Melissa Anderson Morgan is the perfect person to introduce Yoga for Cancer to the STAUNTON-AUGUSTA FAMILY YMCA.
She loves group fitness.
And ever since she was a towel-folding aerobics instructor at the old Tams Street location, Anderson Morgan has loved the STAUNTON-AUGUSTA FAMILY YMCA, its staff and its members.
And she’s also passionate about helping people through their journeys with cancer.
With good reason.
“I really had no experience with cancer in my own family until last year just before the pandemic,” Anderson Morgan said. “A close family member of mine had a pancreatic cancer diagnosis. And as anyone who has sat across from a physician and heard those words knows, it just feels like the world is going to open up and you’re just going to fall through. It’s just such a shock to hear.”
In Anderson Morgan’s case, the story has a happy ending.
“That family member is now considered cancer free after a very intense year of treatments,” she said. “I knew at some point in that journey I needed to give back to people whose lives were touched by cancer. The way I knew best – something I’m passionate about and have been doing my entire life – is being involved in fitness and movement. Yoga specifically was a practice that I used as a caregiver and family member to get through that really tough time.”
To give back, Anderson Morgan became certified as a trained teacher in the yoga4cancer methodology.
“It’s specific in that it takes a traditional Vinyasa practice, and it’s been modified so that the poses, the posture and the breathing overall has been aligned with what we know medically and scientifically about the side effects of cancer and cancer treatment like chemotherapy, radiation and surgery,” she said.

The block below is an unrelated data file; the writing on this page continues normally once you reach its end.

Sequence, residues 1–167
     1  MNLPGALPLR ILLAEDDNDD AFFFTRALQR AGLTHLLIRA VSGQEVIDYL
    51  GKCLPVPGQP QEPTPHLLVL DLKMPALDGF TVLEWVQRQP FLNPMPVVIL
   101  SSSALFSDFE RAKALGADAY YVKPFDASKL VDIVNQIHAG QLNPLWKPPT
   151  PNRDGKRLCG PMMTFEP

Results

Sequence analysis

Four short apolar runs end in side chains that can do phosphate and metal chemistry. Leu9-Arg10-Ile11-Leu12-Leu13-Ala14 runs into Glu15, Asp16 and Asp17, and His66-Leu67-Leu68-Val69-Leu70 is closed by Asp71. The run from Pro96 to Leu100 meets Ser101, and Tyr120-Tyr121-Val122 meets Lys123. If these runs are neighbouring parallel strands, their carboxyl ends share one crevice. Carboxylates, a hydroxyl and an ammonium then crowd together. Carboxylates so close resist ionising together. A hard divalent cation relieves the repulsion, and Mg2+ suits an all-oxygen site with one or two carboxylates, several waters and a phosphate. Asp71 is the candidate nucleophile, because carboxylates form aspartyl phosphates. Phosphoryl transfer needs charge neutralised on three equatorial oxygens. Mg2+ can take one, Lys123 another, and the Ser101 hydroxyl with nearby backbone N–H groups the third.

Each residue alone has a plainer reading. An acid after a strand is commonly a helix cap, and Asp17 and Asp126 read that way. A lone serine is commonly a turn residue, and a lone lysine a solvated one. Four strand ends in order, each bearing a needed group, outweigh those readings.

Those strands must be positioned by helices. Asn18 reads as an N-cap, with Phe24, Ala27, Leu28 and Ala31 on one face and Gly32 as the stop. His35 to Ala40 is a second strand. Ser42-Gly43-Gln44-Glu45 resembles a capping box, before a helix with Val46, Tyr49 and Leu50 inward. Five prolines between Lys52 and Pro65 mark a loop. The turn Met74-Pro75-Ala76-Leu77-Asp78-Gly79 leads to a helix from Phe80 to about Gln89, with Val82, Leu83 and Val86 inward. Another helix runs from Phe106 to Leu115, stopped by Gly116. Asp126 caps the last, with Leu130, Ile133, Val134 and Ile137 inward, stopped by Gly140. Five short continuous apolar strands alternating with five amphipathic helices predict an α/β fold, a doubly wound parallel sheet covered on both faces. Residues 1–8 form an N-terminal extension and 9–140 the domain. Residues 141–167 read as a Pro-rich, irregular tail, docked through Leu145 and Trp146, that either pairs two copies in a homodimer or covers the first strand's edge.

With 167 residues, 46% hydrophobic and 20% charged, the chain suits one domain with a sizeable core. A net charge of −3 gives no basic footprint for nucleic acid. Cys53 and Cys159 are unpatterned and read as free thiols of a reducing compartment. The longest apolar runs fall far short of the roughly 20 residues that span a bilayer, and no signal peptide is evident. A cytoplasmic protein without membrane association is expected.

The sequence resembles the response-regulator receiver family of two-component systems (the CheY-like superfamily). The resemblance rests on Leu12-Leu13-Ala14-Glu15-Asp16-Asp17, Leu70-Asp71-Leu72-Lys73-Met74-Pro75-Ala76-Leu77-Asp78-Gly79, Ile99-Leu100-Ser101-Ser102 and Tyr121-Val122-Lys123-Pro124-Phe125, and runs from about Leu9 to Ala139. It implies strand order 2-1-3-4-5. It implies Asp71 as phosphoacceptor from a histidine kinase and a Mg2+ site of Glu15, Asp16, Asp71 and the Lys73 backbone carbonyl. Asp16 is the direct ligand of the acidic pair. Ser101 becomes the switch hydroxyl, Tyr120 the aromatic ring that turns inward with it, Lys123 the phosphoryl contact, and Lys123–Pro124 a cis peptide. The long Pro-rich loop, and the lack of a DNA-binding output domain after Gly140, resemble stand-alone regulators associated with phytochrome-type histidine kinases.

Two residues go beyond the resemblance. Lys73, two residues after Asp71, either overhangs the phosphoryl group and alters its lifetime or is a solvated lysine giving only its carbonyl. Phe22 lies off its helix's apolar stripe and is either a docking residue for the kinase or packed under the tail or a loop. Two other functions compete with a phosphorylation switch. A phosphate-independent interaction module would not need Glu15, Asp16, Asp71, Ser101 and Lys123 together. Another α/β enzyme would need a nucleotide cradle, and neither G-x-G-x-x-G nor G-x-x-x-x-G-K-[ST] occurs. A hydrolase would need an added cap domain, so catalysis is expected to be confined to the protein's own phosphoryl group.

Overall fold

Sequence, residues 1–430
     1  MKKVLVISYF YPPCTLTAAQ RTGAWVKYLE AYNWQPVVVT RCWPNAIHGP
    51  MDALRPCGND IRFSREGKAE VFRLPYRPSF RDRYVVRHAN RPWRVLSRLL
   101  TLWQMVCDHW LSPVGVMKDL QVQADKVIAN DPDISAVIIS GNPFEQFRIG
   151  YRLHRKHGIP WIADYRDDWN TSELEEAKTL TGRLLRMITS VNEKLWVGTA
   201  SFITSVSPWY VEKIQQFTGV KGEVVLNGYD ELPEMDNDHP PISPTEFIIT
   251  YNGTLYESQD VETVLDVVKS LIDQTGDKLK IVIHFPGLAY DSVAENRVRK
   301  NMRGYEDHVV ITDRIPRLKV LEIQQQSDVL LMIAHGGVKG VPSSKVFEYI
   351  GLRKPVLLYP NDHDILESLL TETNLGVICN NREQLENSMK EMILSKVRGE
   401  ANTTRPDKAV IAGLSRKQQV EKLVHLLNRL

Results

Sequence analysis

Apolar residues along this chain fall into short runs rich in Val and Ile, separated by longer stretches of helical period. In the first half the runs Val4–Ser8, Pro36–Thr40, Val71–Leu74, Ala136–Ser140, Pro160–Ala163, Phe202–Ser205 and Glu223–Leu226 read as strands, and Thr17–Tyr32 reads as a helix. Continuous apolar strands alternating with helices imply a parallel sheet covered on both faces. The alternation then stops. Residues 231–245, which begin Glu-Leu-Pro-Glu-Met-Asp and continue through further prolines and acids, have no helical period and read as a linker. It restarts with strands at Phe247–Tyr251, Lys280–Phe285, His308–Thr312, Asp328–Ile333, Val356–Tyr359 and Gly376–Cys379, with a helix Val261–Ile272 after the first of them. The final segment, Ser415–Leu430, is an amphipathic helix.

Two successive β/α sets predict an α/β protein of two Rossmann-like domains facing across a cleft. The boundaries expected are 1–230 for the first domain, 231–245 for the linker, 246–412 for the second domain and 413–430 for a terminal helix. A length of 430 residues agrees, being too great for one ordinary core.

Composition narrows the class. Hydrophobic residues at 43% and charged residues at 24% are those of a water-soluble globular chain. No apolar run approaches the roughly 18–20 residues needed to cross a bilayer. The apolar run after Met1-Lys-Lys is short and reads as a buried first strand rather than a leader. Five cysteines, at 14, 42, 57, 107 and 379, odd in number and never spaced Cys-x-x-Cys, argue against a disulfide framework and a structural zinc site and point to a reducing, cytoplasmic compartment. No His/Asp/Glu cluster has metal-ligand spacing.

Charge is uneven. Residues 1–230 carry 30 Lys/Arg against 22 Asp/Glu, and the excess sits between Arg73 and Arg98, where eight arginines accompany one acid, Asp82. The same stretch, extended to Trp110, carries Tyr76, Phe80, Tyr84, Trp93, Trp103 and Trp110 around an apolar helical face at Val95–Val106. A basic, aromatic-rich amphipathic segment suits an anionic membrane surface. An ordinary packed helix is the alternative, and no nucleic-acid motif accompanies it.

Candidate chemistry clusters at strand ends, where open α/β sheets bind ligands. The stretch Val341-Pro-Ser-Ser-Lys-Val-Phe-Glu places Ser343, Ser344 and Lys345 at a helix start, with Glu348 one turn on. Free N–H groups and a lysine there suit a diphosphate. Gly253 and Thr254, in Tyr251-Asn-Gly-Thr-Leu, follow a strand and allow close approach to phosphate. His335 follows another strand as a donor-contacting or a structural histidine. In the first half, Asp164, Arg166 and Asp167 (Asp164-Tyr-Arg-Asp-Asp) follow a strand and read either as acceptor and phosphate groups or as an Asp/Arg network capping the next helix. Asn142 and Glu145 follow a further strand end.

The physical movements have been adjusted accordingly for these realities.
“Instead of doing something like a step back to down dog, we might use blocks to step back into aligned position and then raise up into a crescent lunge with the arms in a cactus shape,” Anderson Morgan said. “Often that’s done because of the side effects including a limited range of motion.”
Yoga for Cancer will come to the YMCA in September. YMCA fitness director Wendy Shutty is glad to have Anderson Morgan introducing the new program to the YMCA.
“To be able to offer a program like this can help cancer patients and survivors feel better physically and emotionally is something our YMCA feels the need to provide for our community,” Shutty said.
Anderson Morgan encourages everyone who meets the criteria to sign up for this important class.
“It’s a stress management technique essentially at a very different level, which is good for everyone but certainly those going through treatment and post-treatment survivorship,” Anderson Morgan said. “The other thing that is very specific to cancer is how yoga has been associated with strengthening the lymph system. The lymph system removes things that are bad for the body, things that cause disease and conditions that people are dealing with.
“A healthy lymph system is part of a healthy immune system. That is important certainly for people who have gone through cancer treatment or are in survivorship post treatment. It helps them rebuild that immune system that has been compromised by cancer itself or the treatment of cancer.”
To learn more, contact Anderson Morgan at firstname.lastname@example.org.
Watch this three-part story of Anderson Morgan’s story.